NSW has recorded its second virus-free day in a row after a case was diagnosed in Byron Bay earlier in the week.
The news comes after a call was made by the health department to cancel Byron Bay Bluesfest after infectious Queenslanders visited the popular holiday spot.
More than a dozen venues are listed as exposure sites and there were concerns the festival would be a superspreader event.
A popular pub is among the businesses on alert, with updated advice on Friday forcing patrons of the Byron Bay Park Hotel/Motel (pub and restaurant) into isolation.
Anyone who was at the bar on March 28 between 1.45pm and 2.10pm must get tested and isolate for two weeks regardless of a negative result.
Anyone else who was at the establishment during that time frame are considered casual contacts and should get tested and isolate until they receive a negative result.
Another new alert has been released for a local shopping centre and bakery.
Those at the Suffolk Park Bakery on March 27 between 12.45pm and 1.15pm, as well as between 2.45pm and 3.15pm, are casual contacts and the same goes for anyone at the bakery and Suffolk Park Shopping Centre Plaza between 10.30am and 11.45am on March 28.
The good news came just minutes after the Queensland premier Annastacia Palaszczuk said health authorities in the sunny state believe they have solved the mystery connection between the two Brisbane clusters which triggered a snap lockdown.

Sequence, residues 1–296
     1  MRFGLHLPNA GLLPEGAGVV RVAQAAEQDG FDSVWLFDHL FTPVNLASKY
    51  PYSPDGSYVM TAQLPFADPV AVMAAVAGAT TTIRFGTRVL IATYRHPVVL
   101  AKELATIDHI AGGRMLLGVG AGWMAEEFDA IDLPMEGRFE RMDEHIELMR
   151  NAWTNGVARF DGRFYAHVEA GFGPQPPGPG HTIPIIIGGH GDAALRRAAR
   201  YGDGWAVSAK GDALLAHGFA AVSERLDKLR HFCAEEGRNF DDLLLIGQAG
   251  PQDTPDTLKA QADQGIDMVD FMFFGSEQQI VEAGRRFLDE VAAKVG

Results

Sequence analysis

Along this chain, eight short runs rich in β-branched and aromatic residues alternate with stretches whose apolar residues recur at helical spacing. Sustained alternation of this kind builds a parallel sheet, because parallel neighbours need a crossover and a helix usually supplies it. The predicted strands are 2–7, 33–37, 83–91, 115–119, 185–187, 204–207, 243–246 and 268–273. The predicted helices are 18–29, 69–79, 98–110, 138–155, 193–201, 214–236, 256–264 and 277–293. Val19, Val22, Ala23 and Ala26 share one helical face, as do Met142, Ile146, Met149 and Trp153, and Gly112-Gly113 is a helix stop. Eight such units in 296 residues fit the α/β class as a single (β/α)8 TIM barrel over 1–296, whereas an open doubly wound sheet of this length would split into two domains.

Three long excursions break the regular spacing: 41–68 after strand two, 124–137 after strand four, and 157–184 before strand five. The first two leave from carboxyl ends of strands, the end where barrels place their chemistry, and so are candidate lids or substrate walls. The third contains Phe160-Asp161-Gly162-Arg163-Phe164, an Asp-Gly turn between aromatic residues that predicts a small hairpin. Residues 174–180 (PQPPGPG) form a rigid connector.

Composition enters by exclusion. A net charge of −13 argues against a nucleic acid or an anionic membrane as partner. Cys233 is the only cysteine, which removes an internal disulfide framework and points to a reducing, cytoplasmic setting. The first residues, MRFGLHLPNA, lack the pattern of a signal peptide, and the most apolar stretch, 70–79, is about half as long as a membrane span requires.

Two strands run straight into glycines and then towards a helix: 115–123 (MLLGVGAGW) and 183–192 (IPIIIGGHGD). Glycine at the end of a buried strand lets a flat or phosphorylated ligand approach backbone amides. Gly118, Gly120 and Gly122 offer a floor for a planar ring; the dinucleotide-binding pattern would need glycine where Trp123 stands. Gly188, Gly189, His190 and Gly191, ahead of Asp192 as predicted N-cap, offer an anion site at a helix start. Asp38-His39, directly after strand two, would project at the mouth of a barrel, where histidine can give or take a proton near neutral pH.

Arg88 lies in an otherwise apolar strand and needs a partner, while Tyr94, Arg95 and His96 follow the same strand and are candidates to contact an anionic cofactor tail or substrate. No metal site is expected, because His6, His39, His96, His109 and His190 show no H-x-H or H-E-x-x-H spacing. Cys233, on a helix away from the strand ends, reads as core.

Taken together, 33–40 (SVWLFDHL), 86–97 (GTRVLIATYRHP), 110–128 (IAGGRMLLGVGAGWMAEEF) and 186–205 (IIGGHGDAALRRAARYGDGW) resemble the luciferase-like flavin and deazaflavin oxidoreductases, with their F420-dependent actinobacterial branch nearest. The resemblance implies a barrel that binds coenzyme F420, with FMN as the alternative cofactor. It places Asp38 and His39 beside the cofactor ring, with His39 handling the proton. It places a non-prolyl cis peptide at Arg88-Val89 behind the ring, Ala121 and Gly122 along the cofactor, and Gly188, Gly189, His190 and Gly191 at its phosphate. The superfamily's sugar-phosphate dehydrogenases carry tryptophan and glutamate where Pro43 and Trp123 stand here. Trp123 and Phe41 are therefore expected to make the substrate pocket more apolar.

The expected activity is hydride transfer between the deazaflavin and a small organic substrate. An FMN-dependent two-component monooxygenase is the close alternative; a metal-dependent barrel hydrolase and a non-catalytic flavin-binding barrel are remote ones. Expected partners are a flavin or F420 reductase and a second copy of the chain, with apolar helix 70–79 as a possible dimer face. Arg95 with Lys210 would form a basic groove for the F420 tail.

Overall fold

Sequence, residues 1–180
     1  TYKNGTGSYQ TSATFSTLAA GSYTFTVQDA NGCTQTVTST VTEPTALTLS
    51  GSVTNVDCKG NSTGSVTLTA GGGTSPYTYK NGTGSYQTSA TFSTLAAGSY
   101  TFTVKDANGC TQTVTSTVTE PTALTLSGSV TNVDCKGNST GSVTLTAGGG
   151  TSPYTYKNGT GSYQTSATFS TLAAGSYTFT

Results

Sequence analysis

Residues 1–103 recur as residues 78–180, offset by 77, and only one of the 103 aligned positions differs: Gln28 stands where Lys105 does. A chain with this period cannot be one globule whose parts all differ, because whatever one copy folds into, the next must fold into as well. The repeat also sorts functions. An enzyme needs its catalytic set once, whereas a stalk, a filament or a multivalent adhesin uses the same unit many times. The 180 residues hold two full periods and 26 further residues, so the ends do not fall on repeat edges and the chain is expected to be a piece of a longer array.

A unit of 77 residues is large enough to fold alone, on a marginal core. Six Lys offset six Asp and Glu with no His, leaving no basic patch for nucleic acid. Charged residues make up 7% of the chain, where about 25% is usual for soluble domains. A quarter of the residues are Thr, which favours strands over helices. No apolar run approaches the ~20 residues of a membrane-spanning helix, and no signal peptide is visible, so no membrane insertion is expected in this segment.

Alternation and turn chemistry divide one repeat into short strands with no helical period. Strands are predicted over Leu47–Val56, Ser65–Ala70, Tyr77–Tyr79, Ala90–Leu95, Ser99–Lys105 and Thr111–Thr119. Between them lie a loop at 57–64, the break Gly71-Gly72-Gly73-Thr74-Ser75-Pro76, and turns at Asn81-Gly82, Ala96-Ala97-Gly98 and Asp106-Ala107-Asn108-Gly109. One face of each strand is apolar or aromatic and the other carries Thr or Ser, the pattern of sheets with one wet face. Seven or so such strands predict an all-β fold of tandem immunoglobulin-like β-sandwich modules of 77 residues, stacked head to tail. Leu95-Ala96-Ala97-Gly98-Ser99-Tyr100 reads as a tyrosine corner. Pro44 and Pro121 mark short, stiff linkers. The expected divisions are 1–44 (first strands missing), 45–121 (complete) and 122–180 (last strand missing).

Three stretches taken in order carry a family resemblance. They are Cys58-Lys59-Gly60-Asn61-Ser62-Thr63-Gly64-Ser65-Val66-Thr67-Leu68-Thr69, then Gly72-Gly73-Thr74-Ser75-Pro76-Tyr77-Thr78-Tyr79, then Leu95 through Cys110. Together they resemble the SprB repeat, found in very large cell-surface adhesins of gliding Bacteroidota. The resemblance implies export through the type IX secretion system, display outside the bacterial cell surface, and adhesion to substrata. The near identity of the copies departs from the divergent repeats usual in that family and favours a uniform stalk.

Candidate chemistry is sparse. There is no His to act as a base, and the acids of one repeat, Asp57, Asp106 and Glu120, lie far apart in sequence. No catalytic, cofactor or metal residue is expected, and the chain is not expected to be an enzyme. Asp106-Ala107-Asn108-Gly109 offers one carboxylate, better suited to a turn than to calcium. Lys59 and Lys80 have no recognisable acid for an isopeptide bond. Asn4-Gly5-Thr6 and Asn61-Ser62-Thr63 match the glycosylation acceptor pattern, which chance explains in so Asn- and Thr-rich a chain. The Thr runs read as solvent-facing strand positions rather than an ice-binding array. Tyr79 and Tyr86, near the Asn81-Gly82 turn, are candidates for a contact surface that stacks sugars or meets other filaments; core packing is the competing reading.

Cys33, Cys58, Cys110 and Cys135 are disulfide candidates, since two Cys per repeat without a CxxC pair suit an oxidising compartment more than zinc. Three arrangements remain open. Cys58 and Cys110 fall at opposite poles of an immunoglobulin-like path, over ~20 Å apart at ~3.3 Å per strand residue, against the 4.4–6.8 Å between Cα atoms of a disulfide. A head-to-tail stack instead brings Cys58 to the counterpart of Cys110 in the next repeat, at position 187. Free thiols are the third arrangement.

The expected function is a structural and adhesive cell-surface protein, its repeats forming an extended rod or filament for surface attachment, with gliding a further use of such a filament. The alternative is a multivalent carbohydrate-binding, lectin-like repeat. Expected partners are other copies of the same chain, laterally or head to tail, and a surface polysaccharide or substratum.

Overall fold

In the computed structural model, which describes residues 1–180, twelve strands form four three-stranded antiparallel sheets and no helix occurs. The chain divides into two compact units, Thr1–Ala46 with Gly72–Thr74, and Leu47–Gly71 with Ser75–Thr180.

Queensland reported one new locally acquired case on Friday – a historical infection of a nurse who worked at the Princess Alexandra Hospital.
It is assumed this nurse was infected by the same returning traveller being treated at the Brisbane hospital as the original infection in a doctor on March 10.
This nurse did not fall ill, but passed the deadly virus on to her partner who then became the source of the cluster which spread across Brisbane’s inner north.
It is welcome news for those looking to travel over the holiday break, as Brisbane’s hotspot status was triggered last week by the unlinked cases.
On Thursday Gladys Berejiklian gave the green light to Easter travel, but urged people to avoid hot spots.
There were more than 20,000 tests undertaken in NSW in the last 24-hour reporting period.
NSW Health has administered more than 124,000 vaccinations so far, deputy chief health officer Dr Jeremy McAnulty said while delivering Friday’s update.
“NSW Health thanks the community, particularly those in northern NSW, for coming forward in large numbers for testing, as this is critical to detect and stop transmission of the virus,” he added.